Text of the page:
BookPeople Hosts 'Almost Anorexic'
"Close" may only count in horseshoes and hand grenades (as the old saying goes), but the same doesn't hold for "almost."
You can be "almost" all sorts of things: almost finished writing, almost to your destination, almost asleep. But what about almost anorexic?
In their new book, Almost Anorexic, Harvard's Jennifer Thomas and Austin author Jenni Schafer argue that there's a tremendous gray area in the diagnosis of eating disorders like anorexia and bulimia (as well as other diagnoses, like alcoholism). When patients fall outside the range of "normal" behavior but don't tick off enough boxes in the DSM-5 (less-well-known as the Diagnostic and Statistical Manual of Mental Disorders) to be classified officially as having a disorder, they become victims of "the Almost Effect."
It makes sense that such classifications can't be merely black and white; there's an almost endless amount of nuance to each individual's relationship with food, and countless factors including his or her body image, BMI, and family history can contribute to that final categorization as over- or underweight. The authors include worksheets and anecdotes to try to help readers sort through the information, and they work to dispel myths surrounding calories, colonics, models, and exercise.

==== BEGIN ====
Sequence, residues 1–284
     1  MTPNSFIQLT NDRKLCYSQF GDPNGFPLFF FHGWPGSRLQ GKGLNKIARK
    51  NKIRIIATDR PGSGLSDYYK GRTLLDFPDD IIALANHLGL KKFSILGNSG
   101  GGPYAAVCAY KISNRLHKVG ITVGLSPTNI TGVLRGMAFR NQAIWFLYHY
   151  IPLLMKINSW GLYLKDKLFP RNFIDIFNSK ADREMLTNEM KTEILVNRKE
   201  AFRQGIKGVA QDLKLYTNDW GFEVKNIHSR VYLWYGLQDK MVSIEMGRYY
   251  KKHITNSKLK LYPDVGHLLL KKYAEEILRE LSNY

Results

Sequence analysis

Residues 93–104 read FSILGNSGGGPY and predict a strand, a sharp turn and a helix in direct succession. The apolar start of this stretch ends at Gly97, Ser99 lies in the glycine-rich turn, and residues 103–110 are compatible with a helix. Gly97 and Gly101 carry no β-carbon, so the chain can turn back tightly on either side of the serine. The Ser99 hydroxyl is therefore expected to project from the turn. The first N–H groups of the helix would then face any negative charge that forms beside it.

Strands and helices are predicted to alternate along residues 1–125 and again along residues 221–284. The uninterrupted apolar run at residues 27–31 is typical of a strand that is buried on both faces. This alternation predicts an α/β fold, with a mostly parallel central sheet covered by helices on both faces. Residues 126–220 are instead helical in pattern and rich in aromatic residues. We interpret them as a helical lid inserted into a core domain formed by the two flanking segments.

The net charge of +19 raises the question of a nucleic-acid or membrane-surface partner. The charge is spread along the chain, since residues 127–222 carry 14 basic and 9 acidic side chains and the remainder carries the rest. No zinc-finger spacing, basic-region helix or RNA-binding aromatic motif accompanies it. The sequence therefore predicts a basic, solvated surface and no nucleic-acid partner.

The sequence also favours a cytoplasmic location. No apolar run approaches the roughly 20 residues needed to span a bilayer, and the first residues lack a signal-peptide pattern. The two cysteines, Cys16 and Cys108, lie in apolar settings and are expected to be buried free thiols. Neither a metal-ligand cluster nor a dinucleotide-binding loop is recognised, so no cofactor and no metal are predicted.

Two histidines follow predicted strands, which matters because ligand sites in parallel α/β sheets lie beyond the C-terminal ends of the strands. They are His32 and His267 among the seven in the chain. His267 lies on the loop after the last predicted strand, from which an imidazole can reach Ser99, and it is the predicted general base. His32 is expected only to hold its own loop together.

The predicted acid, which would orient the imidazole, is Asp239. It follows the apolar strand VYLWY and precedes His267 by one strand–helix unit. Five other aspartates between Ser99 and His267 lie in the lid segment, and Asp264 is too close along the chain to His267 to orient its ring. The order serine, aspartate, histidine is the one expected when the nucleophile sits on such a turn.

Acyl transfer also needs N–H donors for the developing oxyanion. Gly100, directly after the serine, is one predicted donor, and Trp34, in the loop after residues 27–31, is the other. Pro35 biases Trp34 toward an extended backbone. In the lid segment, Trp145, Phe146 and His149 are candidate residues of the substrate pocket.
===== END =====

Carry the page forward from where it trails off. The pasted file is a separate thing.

It's definitely a thorough undertaking, and an important issue worth discussing – no almost about it.
Join the dialogue tonight at 7pm, when Schaefer appears at BookPeople (603 N. Lamar) to speak and sign copies of Almost Anorexic: Is My (or My Loved One's) Relationship With Food a Problem?.